The civil-rights advocates at the Rutherford Institute are asking Maryland lawmakers to stop Baltimore’s continuous spying on residents from the air.
Rutherford wants the state’s House Judiciary Committee to craft a bill that would broadly forbid police from carrying out “persistent, citywide aerial surveillance on the citizenry.” The exception would be circumstances permitted by the Constitution.
“Persistent aerial surveillance of the kind employed by the city of Baltimore, allowing the government to track and monitor the activities of citizens over weeks and even months, is exactly the kind of intrusion into privacy the framers of the Constitution sought to prohibit,” said constitutional attorney John W. Whitehead, president of the Rutherford Institute.
“This kind of dragnet surveillance is the very antithesis of the Fourth Amendment’s right to privacy from government intrusion,” he said.
Lawmakers have proposed House Bill 159, which would address such spying from the sky. The letter charges the plan doesn’t go far enough.
Institute lawyers argue the bill allows the government to conduct citywide aerial surveillance as long as it is not part of a criminal investigation.
“Law enforcement agencies already possess an invasive arsenal of integrated surveillance tools, including license plate readers, high-definition cameras, and facial recognition software, which they employ ad hoc to invade the citizenry’s privacy and erode their fundamental right to be free from unreasonable searches and seizures by the government,” Rutherford said.
The Maryland House proposal was created after the city arbitrarily implemented aerial spying in 2016 and again in 2020.
“The original program became operational without the knowledge of the public or the city’s mayor,” the report said.
While the program was dumped when people became aware of it, Baltimore police later contracted with a private company for the spy services.
The Aerial Investigative Research program had three planes flying over the city during daytime hours equipped with cameras that covered 90% of the city and reduced each individual on the ground to a pixelated dot.
Analysts then could identify who was nearby when a crime was committed, where they had been before and where they were after.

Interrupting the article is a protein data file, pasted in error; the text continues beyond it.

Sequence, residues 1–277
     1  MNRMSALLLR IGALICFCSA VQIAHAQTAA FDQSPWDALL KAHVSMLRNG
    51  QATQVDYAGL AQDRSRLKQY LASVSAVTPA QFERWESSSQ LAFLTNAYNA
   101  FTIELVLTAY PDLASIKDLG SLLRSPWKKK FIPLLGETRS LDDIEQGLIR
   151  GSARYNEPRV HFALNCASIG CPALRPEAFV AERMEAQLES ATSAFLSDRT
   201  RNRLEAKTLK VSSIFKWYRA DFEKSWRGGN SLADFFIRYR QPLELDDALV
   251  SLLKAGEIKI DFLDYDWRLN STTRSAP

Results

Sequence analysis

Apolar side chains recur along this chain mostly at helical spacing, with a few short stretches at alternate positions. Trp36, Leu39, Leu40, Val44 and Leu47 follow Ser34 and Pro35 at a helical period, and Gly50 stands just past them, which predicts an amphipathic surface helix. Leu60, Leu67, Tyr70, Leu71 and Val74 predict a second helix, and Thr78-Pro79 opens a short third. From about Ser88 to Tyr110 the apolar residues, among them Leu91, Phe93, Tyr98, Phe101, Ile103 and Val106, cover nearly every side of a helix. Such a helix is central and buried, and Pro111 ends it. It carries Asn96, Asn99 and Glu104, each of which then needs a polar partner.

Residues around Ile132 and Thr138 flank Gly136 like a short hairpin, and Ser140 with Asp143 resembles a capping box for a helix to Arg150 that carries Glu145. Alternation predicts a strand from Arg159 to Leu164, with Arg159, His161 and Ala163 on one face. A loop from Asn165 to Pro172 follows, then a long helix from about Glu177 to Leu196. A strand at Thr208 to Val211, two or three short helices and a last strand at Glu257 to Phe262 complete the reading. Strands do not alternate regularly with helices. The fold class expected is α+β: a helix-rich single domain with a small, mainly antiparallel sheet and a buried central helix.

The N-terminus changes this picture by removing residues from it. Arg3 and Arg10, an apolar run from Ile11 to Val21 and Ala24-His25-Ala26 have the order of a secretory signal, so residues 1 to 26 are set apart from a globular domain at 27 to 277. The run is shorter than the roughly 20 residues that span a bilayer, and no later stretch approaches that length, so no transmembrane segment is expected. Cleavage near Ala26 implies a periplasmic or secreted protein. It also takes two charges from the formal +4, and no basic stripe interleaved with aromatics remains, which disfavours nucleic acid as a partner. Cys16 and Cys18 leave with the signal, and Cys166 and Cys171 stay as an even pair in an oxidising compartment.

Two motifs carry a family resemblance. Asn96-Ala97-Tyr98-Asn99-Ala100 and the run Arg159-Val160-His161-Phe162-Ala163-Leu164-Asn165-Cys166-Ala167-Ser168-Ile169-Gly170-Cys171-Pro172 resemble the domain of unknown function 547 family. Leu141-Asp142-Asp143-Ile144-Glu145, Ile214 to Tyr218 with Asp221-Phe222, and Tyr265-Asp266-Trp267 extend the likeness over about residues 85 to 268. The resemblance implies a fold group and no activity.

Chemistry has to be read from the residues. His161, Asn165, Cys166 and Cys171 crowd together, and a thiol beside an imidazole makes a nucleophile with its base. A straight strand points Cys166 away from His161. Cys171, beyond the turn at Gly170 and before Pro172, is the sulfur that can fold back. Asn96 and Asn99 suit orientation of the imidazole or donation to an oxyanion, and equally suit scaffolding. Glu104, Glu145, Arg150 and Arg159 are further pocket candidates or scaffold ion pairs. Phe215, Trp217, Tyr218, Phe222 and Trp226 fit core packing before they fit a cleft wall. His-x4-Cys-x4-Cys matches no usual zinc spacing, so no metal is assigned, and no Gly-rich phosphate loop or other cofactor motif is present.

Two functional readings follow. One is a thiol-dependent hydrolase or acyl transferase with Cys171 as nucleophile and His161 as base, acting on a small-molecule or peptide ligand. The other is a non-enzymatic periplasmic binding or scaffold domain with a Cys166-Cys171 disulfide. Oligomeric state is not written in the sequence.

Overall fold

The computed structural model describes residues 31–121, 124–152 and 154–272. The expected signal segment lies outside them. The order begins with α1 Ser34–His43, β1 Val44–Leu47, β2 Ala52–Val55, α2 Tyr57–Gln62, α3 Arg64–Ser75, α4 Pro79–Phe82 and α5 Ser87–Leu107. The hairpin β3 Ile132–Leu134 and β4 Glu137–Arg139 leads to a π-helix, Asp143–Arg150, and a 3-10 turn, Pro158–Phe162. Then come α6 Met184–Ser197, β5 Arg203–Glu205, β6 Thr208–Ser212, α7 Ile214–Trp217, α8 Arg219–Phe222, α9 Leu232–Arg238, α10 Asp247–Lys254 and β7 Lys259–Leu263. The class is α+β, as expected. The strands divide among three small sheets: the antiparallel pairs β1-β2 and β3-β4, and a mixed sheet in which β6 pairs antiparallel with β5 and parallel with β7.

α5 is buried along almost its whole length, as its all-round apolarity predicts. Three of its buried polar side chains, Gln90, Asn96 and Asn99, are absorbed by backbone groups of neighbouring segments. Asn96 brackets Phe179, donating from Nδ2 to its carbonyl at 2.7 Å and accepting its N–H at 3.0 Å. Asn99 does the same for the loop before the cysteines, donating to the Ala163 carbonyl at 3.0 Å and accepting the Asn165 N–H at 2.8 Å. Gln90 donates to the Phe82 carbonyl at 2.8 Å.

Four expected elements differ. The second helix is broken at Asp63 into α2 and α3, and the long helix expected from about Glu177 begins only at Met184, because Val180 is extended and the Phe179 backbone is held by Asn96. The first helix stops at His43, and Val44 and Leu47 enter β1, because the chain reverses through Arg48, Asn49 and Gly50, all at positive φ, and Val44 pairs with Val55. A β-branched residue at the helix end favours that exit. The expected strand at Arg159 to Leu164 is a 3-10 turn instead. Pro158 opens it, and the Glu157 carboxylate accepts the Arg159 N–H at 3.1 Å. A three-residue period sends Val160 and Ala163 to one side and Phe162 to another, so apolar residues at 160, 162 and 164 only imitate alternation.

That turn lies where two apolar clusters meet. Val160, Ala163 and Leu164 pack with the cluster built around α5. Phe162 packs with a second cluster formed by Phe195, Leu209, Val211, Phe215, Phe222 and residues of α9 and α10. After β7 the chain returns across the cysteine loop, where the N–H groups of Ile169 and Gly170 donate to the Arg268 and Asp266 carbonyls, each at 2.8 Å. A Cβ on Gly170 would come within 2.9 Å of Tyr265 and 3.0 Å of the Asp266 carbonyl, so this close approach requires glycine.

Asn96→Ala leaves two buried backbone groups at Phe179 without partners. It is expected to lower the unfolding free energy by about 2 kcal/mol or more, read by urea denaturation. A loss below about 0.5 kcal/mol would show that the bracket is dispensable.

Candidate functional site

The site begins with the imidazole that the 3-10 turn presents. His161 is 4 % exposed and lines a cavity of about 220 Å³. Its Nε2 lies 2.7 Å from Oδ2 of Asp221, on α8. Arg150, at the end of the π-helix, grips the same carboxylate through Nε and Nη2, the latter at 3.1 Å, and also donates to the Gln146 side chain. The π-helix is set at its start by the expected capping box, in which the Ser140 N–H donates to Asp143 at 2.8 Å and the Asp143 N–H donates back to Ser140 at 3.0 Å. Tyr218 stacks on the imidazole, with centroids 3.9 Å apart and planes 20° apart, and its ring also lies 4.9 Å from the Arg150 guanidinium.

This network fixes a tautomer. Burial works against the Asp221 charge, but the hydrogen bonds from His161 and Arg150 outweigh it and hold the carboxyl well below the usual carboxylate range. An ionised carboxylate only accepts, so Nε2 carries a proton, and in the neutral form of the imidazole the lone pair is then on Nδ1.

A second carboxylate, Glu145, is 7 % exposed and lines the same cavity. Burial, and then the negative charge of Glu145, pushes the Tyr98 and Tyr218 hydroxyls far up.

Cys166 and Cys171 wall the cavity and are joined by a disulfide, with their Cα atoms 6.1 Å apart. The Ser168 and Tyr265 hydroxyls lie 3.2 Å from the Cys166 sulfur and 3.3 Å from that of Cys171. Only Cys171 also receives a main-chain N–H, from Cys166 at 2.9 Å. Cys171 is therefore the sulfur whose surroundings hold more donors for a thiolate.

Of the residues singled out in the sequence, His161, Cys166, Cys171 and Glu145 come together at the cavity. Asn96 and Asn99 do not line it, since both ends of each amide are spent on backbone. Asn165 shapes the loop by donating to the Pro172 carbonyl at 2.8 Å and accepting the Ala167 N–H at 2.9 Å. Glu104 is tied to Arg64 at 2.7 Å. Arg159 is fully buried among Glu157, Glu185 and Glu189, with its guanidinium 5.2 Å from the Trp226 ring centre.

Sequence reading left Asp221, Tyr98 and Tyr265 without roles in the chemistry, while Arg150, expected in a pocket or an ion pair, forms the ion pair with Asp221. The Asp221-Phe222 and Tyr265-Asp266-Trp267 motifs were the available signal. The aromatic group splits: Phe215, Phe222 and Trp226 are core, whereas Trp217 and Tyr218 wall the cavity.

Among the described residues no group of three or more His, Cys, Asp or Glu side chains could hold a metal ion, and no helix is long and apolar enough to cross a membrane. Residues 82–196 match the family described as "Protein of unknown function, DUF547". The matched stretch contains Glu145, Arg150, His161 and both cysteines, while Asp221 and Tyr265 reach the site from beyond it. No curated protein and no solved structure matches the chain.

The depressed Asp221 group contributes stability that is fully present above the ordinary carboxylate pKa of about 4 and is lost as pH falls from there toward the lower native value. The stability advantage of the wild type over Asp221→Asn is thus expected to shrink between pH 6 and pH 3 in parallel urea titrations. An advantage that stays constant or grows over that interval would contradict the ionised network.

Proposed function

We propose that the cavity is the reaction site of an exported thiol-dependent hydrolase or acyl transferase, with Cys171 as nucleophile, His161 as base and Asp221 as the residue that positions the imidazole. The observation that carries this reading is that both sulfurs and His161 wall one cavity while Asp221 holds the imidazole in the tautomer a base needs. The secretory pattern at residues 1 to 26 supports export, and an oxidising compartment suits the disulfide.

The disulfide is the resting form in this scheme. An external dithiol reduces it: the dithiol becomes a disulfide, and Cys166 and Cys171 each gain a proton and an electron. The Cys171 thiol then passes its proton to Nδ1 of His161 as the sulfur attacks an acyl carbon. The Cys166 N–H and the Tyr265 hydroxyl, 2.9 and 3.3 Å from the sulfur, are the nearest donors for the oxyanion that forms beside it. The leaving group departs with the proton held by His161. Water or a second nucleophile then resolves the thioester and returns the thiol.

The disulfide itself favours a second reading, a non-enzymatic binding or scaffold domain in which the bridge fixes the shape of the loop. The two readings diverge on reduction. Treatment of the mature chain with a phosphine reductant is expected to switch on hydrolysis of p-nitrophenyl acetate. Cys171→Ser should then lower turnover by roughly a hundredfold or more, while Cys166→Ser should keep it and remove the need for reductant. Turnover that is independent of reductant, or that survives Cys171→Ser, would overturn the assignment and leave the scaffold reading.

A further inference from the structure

“AIR information was combined with other considerable surveillance tools already in place, such as on-the-ground surveillance cameras and license-plate readers, allowing law enforcement to specifically identify witnesses and suspects,” the institute said.
“Within seventy-two hours, analysts can give the police a more detailed report about those present at the crime scene including identifying information about individuals and tracking their movements. Indeed, a surveillance system such as AIR has the capability of maintain vast amounts of information about the movements and activities of individuals throughout a city and, when combined with the vast array of ground-based cameras and license plate readers, of identifying and tracking the movements of those individuals.”
A court challenge affirmed the constitutionality of the program, but the decision now is under review at the 4th U.S. Circuit Court of Appeals.
The institute argues that persistent and pervasive aerial surveillance violates the Fourth Amendment. And the Supreme Court has found “that persons have a reasonable expectation protected by the Constitution that police will not secretly monitor and catalog the movements of their vehicles.”
The institute argued, “When combined with other technologies, we have come to the point that whenever you’re walking through a store, driving your car, checking email, or talking to friends and family on the hone, it is likely that some government agency is tracking and monitoring your behavior.”
The spying was launched in 2016 when Baltimore police got worried about crime rates.
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